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e-Help Seminars - Simon Ross

e-help Seminar 29
Beyond the History Classroom
Toulouse 8-10 June 2006

The web is changing

The web is changing; we are now in the age of the ‘read write’ web or ‘web 2.0’. There is a shift in emphasis towards the web being an interactive space where knowledge is shared, argued over, and added to dialectically. Unlike the “information silos” of the past, the latest generation of web services, such as blogs, podcasts, and wikis, are built through collaboration and information sharing. In my presentation I tried to explain how my colleagues and I have been using these services to extend and improve their students’ learning of history.
 What is ICT in the history classroom for?

Christine Counsell in the editorial to Teaching History 101 suggested that teachers must ask “what is ICT in the history classroom for?”. As a number of contributors to that edition stressed, the use of ICT needs to be driven by history: ‘ICT is the tool, and not the master’ as Atkin put it. Counsell suggested that the benefit of ICT is not just in motivation, or ‘speeding up’ of tasks. Rather, she suggested that ICT should be used to clear the way (reducing some effort) for students to engage in higher level thinking (increasing effort).

For some time, history teachers have been using the internet to encourage students to engage in discussions about history. Wilson and Scott wrote in 2003 about a role play looking at appeasement which had been conducted through e-mails between two classes at different schools. This, they suggested, was primarily “a speaking and listening activity” with the technology providing “spontaneity” and a “sense of reality”. At the same time, Thomas and Cole were using online message boards as a place to encourage their sixth form students to engage in historical debates. For a broad range of students their work allowed “real engagement, and…genuine pleasure in learning’ to develop.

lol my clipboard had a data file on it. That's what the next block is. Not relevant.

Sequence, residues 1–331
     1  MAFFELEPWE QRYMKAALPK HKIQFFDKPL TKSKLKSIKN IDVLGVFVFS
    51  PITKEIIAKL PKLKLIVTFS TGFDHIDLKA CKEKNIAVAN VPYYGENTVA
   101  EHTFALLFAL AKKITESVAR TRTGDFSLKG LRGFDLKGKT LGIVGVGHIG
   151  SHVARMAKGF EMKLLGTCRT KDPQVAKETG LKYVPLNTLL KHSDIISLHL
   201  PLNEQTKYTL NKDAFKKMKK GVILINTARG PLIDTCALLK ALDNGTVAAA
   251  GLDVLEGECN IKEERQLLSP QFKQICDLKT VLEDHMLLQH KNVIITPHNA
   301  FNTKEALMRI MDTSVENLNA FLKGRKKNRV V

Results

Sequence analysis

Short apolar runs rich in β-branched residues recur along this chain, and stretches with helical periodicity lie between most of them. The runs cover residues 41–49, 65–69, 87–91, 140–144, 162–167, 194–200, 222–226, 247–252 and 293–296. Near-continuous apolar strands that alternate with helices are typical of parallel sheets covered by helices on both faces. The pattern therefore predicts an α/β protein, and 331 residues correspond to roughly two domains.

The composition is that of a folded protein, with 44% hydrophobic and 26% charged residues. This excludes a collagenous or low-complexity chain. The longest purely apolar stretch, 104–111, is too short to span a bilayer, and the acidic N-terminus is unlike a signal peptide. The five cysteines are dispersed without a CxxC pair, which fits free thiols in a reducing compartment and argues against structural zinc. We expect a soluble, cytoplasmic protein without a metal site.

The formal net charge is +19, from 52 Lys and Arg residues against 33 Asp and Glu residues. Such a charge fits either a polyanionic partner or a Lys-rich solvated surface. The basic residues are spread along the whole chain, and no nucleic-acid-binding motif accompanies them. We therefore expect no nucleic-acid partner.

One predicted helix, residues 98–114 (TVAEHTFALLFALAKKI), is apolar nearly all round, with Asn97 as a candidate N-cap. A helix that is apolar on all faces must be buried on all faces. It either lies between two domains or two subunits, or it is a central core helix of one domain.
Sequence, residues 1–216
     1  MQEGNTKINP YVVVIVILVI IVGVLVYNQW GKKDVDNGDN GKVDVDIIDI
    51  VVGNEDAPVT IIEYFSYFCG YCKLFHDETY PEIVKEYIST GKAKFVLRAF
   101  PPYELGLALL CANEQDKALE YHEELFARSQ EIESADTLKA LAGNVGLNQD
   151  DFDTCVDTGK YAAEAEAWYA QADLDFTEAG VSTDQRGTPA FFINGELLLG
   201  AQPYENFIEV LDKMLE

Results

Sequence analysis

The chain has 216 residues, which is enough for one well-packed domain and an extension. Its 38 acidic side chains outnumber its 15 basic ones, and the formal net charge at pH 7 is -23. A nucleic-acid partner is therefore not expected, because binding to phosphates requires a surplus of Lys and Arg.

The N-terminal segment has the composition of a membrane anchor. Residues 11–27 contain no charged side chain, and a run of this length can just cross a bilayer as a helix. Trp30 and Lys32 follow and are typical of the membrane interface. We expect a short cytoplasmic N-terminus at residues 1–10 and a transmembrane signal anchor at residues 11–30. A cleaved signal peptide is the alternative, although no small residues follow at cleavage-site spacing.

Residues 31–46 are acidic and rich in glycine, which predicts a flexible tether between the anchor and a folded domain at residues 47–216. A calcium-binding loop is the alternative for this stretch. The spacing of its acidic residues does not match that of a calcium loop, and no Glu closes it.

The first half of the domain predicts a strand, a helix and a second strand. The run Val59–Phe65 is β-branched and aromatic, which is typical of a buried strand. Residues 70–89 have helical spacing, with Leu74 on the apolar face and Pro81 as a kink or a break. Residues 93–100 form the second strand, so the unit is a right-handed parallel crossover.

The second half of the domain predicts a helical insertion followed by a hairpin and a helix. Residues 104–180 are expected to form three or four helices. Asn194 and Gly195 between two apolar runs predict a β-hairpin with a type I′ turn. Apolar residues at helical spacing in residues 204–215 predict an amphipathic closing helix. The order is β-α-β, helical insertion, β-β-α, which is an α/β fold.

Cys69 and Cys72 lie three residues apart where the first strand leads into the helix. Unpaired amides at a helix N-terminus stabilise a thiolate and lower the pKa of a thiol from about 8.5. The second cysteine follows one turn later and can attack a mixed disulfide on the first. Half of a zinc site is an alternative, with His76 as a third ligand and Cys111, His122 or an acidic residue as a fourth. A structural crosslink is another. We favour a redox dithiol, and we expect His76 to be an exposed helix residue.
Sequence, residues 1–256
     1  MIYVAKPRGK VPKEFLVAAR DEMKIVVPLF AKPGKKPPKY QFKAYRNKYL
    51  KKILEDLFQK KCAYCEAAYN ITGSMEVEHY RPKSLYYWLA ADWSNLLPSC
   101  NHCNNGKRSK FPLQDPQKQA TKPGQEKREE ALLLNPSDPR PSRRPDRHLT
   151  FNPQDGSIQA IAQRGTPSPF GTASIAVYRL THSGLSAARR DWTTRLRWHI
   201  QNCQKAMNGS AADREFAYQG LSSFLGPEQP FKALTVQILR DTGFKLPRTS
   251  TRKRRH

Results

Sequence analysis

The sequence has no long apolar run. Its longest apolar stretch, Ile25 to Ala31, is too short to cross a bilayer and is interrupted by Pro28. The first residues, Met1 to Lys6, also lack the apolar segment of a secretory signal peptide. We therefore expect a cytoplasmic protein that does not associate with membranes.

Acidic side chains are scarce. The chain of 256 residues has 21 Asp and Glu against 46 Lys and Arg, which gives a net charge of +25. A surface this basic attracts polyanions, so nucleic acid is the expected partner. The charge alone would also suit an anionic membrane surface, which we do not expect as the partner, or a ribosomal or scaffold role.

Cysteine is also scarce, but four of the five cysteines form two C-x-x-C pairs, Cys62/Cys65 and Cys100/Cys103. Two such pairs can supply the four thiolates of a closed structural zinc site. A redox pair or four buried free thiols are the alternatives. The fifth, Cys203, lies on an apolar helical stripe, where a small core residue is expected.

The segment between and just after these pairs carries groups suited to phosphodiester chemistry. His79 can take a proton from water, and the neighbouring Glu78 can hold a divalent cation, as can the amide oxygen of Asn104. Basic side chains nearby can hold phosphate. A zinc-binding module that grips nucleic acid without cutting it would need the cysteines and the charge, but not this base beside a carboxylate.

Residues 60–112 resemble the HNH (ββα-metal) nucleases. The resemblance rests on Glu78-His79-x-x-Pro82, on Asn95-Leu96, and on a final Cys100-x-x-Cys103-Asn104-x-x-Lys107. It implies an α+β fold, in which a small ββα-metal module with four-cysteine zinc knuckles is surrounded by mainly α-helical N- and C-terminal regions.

What is ICT beyond the history classroom for?

I suggested that the question that we needed to ask had now changed: we should be thinking about what ICT can offer beyond the history classroom. I warned the associates and members that as soon as a teacher thinks about this question, there is an explosion of buzz words from senior management as they see the opportunity for distance learning and franchises. Neither my seminar, nor this article really considered the wider debate about this. Indeed, I suggested that there was no need to as there was a strong history rationale for using these new technologies. ICT, I argued, now offers a great opportunity to engage students in meaningful dialogue about history in, and beyond, the history classroom.

What is podcasting and how can I do it?

In this section of my presentation I explained what a podcast was: an audio file on the web, that can be subscribed to so that it downloads automatically onto computers, portable music players and phones. I hopefully showed that it was relatively straight forward to record and edit these files using a free program such as ‘audacity’. These files could be placed on the web as a useful resource. I explained that to enable people to subscribe it was necessary to have a blog (with rss feed). I explained thtat at www.ilovehistory.co.uk I used a wordpress blog with the podcast feed being created by a website called www.feedburner.com I also recommended reading Doug Belshaw’s detailed guide at http://teaching.mrbelshaw.co.uk/index.php/...dcasting-part1/